DuPlessis R. & Howell M. (1982) Killing capitalism in its craddle (twice)

November 21, 2009

DuPlessis, Robert S. and Martha C. Howell (1982) Reconsidering the Early Modern Urban Economy : The Case of Leiden and Lille. Past and Present, 94/, 49-84.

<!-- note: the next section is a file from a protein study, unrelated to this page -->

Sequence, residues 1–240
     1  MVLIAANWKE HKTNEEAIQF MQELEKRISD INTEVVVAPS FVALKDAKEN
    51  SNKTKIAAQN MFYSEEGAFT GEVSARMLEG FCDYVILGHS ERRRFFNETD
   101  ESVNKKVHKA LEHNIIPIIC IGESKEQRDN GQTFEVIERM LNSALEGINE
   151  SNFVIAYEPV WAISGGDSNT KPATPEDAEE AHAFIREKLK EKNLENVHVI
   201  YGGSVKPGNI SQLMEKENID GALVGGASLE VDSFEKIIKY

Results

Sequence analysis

In Marx’s view, capitalism had arisen in the late Middle Ages out of a production system dominated by lords and guilds. In this framework, urban economies can be regarded as the craddle of capitalism (p.44), the places where capital and labour were separated through the use of putting-out, or the hiring of a migrant or female workforce (p.45). However some cities, such as Leiden and Lille where artisans remained proprietors of their means of production, still managed to integrated the very competitive European textile market (p.46). Read the rest of this entry »

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